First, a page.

A Teachers 1st Year Survival Guide
Very few things are as daunting as the first day of a new job. If you're a new teacher, it can be exceptionally nerve-wracking because you're charged with teaching and guiding 20 new children for an entire year.
A teacher's first year of teaching really need to be a successful because nearly 40% of teachers leave the profession within the first year. That first year is when a teacher really finds out if they handle the rigors of academic life and if they can really be an effective teacher to their students.
- The First 180 Days: Details the first school year for two separate teachers. It discusses the challenges they face, how they overcame them, and the people who helped them succeed.
- What to Expect Your First Year of Teaching: Tells new teachers exactly what to expect when they first begin teaching.
- Tips For Newbie Teachers: Offers great tips on how new teachers can establish themselves and how to have the best start to their career.
The most important thing a new teacher needs to establish at a school is a support system. Finding a mentor is instrumental in a teacher's success. A veteran teacher will be able to offer great advice, help manage a class if a new teacher needs backup, and more importantly, he or she remembers what it's like to be a new teacher, offering support during the bad days.
Those same mentors can also help teachers develop their own style of teaching. Being able to see what works for one teacher will give new teachers an idea of what should work but it also allows them the freedom to decide what methods are suitable.
- New Teacher Resources: Provides many different resources for new teachers including tips.
- Tips For Classroom Success: Discusses how to set up a classroom so that it presents a great learning environment for kids and teacher.
- Checklist Of Tips: An excerpt list of tips for new teachers put together by veteran teachers.
Dealing with tough students will probably be one of the most difficult parts of being a teacher. There are some kids who live for causing trouble, so it's important that a teacher always retains their temper. If a student is particularly talkative, make a point of acknowledging the comment but give more attention to someone who has obeyed the rules and waited. If a student is heckling the teacher or other students, don't give in; simply move on from the subject. Remember that most problem students are reacting to some problems at home, so new teachers should see if they can get that child to open up to them.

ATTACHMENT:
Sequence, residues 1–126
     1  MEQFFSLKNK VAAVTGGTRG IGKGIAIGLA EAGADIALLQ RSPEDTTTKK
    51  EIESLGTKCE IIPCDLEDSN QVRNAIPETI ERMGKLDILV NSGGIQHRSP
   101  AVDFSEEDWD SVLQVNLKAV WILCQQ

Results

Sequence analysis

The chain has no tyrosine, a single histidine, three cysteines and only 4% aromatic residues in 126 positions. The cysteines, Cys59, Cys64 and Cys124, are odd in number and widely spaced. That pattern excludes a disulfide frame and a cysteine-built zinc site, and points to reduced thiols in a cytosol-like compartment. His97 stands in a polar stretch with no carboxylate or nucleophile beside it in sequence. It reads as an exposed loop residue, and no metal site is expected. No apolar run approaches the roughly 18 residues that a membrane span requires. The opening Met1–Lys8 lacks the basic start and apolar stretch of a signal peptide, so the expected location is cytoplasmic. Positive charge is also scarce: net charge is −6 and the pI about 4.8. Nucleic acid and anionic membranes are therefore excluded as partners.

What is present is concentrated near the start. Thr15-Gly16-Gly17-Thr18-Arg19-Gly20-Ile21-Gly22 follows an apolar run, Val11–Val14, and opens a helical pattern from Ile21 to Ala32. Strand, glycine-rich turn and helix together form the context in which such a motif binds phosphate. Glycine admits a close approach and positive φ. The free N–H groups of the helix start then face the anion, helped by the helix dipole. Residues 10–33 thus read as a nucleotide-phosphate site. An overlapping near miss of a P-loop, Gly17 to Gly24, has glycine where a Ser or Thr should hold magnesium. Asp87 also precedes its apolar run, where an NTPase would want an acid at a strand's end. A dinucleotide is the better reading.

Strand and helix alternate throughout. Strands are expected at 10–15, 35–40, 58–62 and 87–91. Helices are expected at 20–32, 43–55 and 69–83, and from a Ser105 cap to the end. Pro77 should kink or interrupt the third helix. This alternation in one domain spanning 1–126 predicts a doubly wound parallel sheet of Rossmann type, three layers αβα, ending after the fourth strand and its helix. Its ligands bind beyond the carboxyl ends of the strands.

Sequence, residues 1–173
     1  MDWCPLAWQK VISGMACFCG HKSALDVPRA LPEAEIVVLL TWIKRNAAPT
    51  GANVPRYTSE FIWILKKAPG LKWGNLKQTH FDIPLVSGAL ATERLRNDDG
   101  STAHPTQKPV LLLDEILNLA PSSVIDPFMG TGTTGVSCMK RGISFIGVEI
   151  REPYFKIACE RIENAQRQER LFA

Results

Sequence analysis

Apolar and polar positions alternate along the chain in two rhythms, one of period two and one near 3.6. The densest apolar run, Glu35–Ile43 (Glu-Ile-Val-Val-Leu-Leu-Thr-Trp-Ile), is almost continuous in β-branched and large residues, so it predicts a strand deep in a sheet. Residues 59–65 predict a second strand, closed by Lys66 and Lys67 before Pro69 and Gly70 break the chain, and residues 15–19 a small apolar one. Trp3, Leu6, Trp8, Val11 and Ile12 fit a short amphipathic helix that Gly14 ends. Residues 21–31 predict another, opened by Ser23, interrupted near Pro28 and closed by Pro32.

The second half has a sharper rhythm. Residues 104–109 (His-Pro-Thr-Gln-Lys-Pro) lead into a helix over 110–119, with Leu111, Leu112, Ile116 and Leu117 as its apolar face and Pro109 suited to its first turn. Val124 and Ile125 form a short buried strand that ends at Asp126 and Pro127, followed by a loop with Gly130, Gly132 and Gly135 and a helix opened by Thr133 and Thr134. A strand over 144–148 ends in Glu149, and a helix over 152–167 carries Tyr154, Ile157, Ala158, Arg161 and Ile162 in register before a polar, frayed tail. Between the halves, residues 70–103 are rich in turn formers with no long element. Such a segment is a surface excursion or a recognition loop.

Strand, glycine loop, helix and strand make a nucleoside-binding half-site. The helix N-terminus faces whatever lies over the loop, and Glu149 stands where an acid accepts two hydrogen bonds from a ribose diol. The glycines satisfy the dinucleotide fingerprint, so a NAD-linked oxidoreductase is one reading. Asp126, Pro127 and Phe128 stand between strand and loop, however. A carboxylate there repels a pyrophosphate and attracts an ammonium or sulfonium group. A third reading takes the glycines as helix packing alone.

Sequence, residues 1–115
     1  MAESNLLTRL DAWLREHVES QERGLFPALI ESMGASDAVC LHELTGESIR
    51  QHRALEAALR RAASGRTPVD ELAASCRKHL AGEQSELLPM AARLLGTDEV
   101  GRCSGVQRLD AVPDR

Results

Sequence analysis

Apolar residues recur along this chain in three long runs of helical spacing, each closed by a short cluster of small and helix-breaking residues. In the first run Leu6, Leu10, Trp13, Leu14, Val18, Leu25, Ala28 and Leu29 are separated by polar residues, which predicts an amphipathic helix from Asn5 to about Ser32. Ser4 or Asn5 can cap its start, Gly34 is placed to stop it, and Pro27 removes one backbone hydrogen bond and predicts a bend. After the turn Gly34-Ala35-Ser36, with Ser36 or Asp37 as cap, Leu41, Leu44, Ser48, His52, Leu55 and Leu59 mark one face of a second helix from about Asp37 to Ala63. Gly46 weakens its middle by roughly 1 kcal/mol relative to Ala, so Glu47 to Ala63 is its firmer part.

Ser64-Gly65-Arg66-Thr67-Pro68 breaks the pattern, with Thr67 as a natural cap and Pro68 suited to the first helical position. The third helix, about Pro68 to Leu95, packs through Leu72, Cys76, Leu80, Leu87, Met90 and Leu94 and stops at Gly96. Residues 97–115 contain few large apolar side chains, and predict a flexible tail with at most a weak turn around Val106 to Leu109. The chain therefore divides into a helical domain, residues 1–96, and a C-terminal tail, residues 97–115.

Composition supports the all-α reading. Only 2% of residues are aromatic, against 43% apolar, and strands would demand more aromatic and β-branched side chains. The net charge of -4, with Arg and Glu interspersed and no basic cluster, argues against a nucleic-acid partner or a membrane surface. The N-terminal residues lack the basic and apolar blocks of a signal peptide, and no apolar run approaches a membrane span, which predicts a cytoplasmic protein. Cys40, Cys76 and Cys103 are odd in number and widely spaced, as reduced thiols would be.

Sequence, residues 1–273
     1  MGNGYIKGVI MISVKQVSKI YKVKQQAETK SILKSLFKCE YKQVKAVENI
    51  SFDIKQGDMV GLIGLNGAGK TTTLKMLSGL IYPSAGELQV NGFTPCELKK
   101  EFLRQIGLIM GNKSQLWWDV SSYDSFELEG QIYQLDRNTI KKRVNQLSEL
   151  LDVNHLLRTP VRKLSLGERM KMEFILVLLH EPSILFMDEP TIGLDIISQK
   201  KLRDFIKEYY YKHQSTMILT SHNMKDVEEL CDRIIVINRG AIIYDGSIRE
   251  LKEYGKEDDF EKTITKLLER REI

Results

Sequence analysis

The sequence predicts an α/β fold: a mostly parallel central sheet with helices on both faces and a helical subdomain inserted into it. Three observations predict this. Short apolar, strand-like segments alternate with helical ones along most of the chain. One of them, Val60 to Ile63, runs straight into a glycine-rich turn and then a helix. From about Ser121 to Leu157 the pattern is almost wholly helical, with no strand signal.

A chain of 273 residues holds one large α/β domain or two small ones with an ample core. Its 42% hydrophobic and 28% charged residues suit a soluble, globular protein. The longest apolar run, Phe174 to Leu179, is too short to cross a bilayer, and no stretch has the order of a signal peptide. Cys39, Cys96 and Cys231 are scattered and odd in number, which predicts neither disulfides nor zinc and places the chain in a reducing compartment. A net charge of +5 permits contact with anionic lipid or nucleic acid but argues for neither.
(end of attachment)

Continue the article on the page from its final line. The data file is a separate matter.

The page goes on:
- Teacher Research: Strategies for teaching students with learning disabilities.
- Difficult Behaviors In A Classroom: Talks about problems in the classroom and gives tips on how to deal with them
- Survival Guide For New Teachers: A government page that offers great tips for new teachers.
The relationship between a teacher and the parents of a child is important as well. If a parent needs to be contacted because of a certain child's behavior, some of them can be overprotective. They will have a hard time accepting that their child was wrong. A teacher requires patience and persistence to deal with them. Don't let the situation turn ugly but be firm with the parent and let them know that their child has been causing problems that need to be addressed. Even if there isn't a problem, always be courteous when dealing with parents. If you have a good relationship with a parent, they will be much more likely to accept it when their child starts acting up.
- Inspiring Teachers: Dealing with difficult parents.
- Education World: Making the most of parent teacher conferences.
- New Teacher Helpline: Set up by the Toledo University, it has great resources for beginning teachers.
- Online College Degrees: Online programs in early childhood, arts teaching, and instructional technology.
The first year can be tough for new teachers but the ones who stick it out often find out they are much tougher than they thought they were!